Monsignor Joseph P Omesa delivered the homily on the occasion of the 80th Birthday celebration for Father Richard Wall by the Catholic diocese of Uromi, Nigeria at St Anthony’s Cathedral, Uromi on 3 April 2013.
Happy Easter, my brothers and sisters in Christ.
First of all, I wish to thank the Administrator of the Catholic Diocese of Uromi, Very Rev. Father John Akhidue and the Administrator of this Cathedral, Very Rev. Father Peter Egbe, for the kind invitation to be with you and say a few words to mark the 80th birthday of Very Rev. Father Richard Augustine Wall, SMA. Still in the mood of the Easter season, today’s readings tell us in one case of the man (at the Beautiful Gate) who struggled to be set free to be like others. He was as enthusiastic as a little baby who wants to lift himself up to hold the bars of the cot and rattle them as if to demand release into the wider world. This man was put down beside the temple to ask for alms. His plea for help is answered, in a way he could never have expected; healed in the name of Jesus, the Nazarene, he is given the power to walk and he went into the temple jumping with joy. In the second case, two disciples, (on the road to Emmaus) walking down the road in sorrow, are transformed through their meeting the Risen Christ. Their hearts burn with enthusiasm for life again, and their returning steps to Jerusalem are much quicker than those of the outward journey.
The Lord who has caused these transformations is a Lord who had to suffer, and so enter into his glory. The joys of life do not come without some sorrows, and for many people it is the sorrows that seem to ultimately bring triumph. The early missionaries accepted these sorrows with joy. They faced each day with enthusiasm, and with hearts that burned within them.
Very Reverend Father Richard Augustine Wall was born in 1932 in Shandangan, Co. Cork, Ireland. He is the sixth child in a family of five girls and two boys. His priesthood owes much to the influence of his sister Eileen and some priests he met in his early years. He was ordained a priest on the 13th day of June, 1956.
After ordination to the priesthood Father Richard came to Nigeria as a missionary in 1956 to the Diocese of Benin City. When he arrived there were 80 SMA and six Nigerian priests. Today this figure has been reversed, an indication of the growth of the Church in this region. He was appointed that year as assistant priest to Sapele in Benin Diocese where he worked for a short time under Fr. Joseph Conboy until he was appointed as Secretary to Bishop Joseph Patrick Kelly. On his return from leave in 1961, he was posted to St. Joseph’s Catholic Church, Asaba and three years later, to Ogwashi-Uku where he remained until 1968. Father Wall in obedience saw himself back to Bishop Kelly’s Secretary’s desk for the second time. While in this position, he was elected as deputy Regional Superior to Fr. Mick Drew in 1969 and had to go to Uromi, doubling as Parish Priest of this Church. When Fr. Drew died while on leave in 1973, Father Richard Wall was elected Regional Superior , a post which he occupied with distinction for ten years. He relinquished this position to become the Parish Priest of St. Mary’s Catholic Church, Eme-Ora for five years. In 1989, he was appointed to Irrua and in 1993, he established a Parish at Eidenu an outstation of Irrua. Five years later he moved to Iruekpen. In 2001, he was appointed to St. Patrick’s Church, Ebhoiyi to assist Fr. Festus Omede. In 2001 he moved to his present residence at the SMA House, Uromi where he has been exercising pastoral ministry in a variety of places. It is a well known fact that Father Wall in his pastoral zeal helped towards the building of Churches in sixteen outstations in the present Uromi Diocese.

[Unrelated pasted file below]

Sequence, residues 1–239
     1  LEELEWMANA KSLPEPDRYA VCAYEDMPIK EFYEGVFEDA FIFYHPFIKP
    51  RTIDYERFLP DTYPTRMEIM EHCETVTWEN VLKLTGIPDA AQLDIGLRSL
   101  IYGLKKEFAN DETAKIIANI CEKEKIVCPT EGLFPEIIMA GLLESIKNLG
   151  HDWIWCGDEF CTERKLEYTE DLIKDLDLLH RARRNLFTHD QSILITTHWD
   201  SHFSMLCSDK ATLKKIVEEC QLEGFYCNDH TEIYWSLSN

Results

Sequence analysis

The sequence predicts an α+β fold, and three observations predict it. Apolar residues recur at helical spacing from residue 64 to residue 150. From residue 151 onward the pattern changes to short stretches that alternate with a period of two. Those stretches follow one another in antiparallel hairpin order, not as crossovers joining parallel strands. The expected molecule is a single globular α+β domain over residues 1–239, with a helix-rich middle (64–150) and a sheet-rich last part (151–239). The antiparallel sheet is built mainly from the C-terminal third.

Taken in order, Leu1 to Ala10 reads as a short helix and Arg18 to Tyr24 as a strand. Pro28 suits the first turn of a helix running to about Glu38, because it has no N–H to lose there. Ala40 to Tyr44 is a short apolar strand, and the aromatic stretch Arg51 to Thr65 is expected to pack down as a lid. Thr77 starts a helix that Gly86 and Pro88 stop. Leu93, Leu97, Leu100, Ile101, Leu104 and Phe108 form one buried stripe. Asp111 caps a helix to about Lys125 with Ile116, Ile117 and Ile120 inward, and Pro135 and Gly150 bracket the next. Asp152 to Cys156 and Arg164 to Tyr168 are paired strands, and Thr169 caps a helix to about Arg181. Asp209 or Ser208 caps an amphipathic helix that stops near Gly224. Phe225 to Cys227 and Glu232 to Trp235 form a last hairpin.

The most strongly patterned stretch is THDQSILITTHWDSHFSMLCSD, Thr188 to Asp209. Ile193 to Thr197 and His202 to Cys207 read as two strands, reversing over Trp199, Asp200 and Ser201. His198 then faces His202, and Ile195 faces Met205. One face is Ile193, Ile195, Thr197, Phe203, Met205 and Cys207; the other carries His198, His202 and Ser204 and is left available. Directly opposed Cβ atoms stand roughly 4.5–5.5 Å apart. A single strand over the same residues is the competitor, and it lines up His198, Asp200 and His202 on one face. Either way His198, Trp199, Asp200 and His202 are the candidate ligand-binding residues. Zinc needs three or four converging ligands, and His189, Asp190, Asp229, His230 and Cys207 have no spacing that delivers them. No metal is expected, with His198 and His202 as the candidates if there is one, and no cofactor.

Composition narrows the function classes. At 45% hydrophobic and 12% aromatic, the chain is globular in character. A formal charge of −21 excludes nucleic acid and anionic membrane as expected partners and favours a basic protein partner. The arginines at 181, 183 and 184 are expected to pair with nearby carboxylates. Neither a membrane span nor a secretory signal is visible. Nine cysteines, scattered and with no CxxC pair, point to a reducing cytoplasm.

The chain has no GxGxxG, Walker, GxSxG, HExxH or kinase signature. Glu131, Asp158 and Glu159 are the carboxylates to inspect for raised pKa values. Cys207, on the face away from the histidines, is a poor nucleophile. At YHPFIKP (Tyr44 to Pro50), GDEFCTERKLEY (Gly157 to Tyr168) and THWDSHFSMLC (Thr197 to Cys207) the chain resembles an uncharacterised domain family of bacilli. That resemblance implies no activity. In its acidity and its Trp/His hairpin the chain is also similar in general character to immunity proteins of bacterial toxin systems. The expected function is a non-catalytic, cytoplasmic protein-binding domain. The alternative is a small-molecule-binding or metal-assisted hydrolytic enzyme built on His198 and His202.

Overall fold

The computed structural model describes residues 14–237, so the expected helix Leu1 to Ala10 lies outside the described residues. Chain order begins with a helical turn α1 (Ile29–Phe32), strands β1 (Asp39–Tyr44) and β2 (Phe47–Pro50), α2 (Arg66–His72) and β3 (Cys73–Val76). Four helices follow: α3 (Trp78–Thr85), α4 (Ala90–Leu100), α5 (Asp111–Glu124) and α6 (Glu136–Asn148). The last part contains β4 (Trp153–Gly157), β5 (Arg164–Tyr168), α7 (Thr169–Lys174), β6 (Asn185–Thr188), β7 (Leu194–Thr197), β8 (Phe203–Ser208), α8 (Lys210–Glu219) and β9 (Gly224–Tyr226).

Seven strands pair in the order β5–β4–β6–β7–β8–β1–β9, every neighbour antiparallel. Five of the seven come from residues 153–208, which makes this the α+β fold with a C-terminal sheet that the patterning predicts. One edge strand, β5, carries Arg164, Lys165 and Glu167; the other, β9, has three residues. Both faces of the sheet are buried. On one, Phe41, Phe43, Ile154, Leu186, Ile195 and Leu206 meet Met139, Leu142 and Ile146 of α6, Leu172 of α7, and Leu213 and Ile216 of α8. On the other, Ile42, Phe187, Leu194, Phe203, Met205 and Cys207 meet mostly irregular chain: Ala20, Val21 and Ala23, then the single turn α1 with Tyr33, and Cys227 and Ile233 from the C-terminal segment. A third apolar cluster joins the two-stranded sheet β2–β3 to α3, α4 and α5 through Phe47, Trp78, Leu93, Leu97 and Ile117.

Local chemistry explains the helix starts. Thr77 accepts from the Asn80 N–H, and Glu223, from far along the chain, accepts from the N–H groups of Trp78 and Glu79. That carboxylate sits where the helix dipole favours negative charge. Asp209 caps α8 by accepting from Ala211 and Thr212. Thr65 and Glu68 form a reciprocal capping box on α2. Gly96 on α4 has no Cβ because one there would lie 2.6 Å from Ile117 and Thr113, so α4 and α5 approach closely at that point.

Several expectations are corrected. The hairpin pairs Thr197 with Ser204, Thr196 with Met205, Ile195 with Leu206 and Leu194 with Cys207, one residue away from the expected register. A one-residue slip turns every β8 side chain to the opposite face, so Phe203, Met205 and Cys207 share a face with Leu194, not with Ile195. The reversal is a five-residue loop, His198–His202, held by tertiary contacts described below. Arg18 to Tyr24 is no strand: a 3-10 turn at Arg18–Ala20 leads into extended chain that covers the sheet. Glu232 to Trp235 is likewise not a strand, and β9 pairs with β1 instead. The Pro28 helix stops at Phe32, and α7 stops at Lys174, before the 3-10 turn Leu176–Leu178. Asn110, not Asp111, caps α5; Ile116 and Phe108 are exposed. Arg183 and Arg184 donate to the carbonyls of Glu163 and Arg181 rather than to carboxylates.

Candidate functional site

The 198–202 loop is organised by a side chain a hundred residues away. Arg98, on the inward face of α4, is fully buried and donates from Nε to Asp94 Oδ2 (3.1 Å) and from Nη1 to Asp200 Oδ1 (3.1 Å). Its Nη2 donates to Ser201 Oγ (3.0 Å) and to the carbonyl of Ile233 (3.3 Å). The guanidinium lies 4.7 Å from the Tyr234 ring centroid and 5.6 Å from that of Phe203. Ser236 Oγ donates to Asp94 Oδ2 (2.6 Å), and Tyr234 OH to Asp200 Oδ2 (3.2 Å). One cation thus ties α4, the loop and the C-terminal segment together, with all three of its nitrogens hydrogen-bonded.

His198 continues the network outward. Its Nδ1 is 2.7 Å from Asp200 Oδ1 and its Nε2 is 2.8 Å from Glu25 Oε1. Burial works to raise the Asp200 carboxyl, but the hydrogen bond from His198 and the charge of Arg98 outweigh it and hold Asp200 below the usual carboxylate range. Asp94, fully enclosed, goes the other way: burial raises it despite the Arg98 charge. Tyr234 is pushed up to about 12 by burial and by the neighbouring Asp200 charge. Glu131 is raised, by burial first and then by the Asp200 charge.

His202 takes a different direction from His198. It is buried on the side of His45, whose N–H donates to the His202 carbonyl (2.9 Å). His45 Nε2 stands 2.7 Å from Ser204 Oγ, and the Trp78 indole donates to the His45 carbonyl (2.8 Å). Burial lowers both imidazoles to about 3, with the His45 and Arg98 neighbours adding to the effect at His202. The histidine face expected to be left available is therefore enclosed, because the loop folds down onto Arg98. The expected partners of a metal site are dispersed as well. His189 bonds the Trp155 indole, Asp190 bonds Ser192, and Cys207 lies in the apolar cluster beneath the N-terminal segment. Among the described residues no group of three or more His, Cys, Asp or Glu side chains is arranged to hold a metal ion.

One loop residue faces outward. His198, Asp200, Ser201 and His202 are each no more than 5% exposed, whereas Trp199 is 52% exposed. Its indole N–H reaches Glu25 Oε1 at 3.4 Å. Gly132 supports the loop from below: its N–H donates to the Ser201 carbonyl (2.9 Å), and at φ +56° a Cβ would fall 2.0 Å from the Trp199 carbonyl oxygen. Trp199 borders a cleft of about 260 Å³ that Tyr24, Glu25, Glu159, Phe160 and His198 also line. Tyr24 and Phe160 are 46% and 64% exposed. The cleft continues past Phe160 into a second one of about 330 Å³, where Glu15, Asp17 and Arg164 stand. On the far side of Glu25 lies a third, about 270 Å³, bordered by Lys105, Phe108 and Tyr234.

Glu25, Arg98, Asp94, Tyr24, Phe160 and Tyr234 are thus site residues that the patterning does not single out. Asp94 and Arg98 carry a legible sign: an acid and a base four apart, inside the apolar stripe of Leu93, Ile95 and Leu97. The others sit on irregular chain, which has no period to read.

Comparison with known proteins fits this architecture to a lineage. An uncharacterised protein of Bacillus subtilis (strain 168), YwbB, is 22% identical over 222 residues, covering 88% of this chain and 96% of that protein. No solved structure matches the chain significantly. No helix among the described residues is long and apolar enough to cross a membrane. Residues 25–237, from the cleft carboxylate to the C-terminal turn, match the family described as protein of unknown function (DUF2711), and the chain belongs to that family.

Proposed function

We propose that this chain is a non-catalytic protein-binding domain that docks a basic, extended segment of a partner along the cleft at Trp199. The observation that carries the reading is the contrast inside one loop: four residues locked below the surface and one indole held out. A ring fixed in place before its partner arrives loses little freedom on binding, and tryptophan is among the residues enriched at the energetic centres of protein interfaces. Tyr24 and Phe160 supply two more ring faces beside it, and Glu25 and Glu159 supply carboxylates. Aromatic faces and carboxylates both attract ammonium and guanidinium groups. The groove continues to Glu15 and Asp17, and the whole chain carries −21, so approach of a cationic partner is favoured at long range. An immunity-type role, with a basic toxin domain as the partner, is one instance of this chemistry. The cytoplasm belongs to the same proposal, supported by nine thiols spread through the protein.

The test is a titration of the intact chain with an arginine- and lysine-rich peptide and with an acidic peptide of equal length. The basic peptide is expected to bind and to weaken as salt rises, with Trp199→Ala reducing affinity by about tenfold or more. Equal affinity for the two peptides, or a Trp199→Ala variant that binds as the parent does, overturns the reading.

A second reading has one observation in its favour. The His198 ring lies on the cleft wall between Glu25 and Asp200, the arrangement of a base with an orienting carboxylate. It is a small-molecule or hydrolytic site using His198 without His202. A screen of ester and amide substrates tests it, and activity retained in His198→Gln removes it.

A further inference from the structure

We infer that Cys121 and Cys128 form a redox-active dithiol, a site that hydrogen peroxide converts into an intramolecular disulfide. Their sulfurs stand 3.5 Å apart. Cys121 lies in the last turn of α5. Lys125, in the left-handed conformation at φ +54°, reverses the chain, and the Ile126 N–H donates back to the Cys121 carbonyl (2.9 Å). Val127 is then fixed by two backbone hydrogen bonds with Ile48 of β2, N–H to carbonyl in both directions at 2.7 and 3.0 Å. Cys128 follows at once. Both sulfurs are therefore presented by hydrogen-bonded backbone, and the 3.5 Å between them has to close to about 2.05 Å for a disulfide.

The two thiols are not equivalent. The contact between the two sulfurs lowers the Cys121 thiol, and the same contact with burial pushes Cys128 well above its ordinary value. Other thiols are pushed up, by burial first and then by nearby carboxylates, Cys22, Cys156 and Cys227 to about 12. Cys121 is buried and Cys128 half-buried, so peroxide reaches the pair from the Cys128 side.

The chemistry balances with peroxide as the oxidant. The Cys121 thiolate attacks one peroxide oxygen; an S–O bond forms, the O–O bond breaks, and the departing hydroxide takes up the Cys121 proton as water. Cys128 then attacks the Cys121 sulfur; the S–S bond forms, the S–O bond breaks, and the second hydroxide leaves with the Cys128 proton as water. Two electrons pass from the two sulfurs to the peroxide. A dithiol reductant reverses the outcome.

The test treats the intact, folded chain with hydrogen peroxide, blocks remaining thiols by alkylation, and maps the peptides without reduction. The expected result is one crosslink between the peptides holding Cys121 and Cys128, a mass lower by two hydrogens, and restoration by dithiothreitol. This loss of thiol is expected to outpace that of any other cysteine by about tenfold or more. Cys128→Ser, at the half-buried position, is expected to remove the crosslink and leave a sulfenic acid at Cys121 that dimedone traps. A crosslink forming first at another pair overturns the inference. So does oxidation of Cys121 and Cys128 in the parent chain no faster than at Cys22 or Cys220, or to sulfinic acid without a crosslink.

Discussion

Father Richard has been exemplary in the rural outreach programme of the Church. What I have mentioned here is a rather conservative listing of his activities in this area. You may wish to know that this great missionary served at Iruekpen, Eme-Ora for several years without complain or grumbling.
While many shy away from rural assignments, Father Wall has always been ready to work anywhere. He has always been pastoral in his approach. His life of perseverance and dedication to his priestly call, one can say makes him takes his assignments seriously. Father Wall came with a missionary heart and his task has been to find the Catholics scattered across the then Diocese of Benin, often in the face of hostility and skepticism by the people.
He is a member of the greatest generation, a generation of men and women who during the most difficult period of the growth of the Church here in Nigeria were never deterred at encountering difficulties but performed great acts of courage and selflessly shaped the Church after the Second World War and during and after the Nigerian Civil War. When Reverend Father Wall came to Benin Diocese, there were about 80 SMA priests. He has remained in the then Benin Diocese to witness the tremendous growth of the Church, from Warri Diocese, to Issele-Uku, to Auchi, Bomadi and Uromi, dioceses and to the transformation of the then Benin Diocese to an Archdiocese in 1994.
Today as the living archive (he has an encyclopaedic knowledge of priests, parishes and parishioners in the entire region) of this Province, Father Wall dared to bring values of the beatitudes to the people he served, values that continue to confound people.
I thank all those who have arranged this Mass of Thanksgiving in his honour to mark the occasion of his 80th birthday which was actually nearly a year ago. We extend to him our hearty congratulations. It is right that we should assemble like this and recognise his worth and service while we can still see one another’s eyes. May God bless you all. Amen.
Rev Msgr Joseph P Omesa